Homeschool day 18 of 180
I love to write vision, robotics, and statistical process control programs in C++. I honestly believe that one of the great successes of Microsoft was that they have always provided a way for programmers to solve difficult technical problems while hiding much of the tedium of the build process behind their IDE. mind you, there is still a lot of ugliness their, but it is possible to write programs in my subspecialty without knowing a lot about the ins and outs of the different compiler and linker switches and so forth. The reality is that the more you know about such things, the better and faster you can program, but it is not absolutely necessary.
In my latest project, I want to program a Linux computer to perform a process measurement and control task using a mechanical system to deliver the parts and a camera to inspect the parts. i had two false starts with the Anjuta and Eclipse IDE’s that lead to extreme frustration. I have always been a fan of Gnome and GTK+, but I want to have as little as possible to do with automake, configure, anf all those other tools required to do Linux programming. I want to be able to do my work and gradually work into the knowledge of all those tools, not vice-versa. I have found that KDevelop is the tool that best allows me to do that. I finally went back to KDevelop last night and had a program up and running within twenty minutes of the time I got the program installed. Impressive. I have not used KDevelop for a couple of years now, but I am very, very impressed with its capability. It was good before, but it is way more robust with more features and integration with additional tools than when I last used it.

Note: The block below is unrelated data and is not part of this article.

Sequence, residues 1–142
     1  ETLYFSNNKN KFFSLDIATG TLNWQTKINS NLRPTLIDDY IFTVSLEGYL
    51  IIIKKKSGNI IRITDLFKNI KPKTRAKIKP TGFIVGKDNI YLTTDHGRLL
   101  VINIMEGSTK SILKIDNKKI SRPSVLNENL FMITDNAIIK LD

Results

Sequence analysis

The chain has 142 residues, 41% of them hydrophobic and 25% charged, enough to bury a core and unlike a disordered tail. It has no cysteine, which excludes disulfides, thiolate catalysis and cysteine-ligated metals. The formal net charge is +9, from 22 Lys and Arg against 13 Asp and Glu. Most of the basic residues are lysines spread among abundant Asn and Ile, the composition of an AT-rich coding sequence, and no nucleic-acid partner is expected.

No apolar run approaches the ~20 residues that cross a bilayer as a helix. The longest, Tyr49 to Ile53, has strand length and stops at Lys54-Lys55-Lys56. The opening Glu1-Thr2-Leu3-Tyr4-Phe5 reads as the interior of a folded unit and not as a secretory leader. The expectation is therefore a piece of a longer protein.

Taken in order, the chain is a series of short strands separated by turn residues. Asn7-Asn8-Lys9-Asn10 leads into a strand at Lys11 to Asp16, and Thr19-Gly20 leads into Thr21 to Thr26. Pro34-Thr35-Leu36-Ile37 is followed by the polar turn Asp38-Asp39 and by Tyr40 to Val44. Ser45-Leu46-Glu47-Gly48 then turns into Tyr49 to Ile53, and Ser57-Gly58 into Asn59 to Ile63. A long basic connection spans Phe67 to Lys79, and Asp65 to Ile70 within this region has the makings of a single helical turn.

I cannot help but think that ease of program development is a huge advantage in the adoption and proliferation of Linux.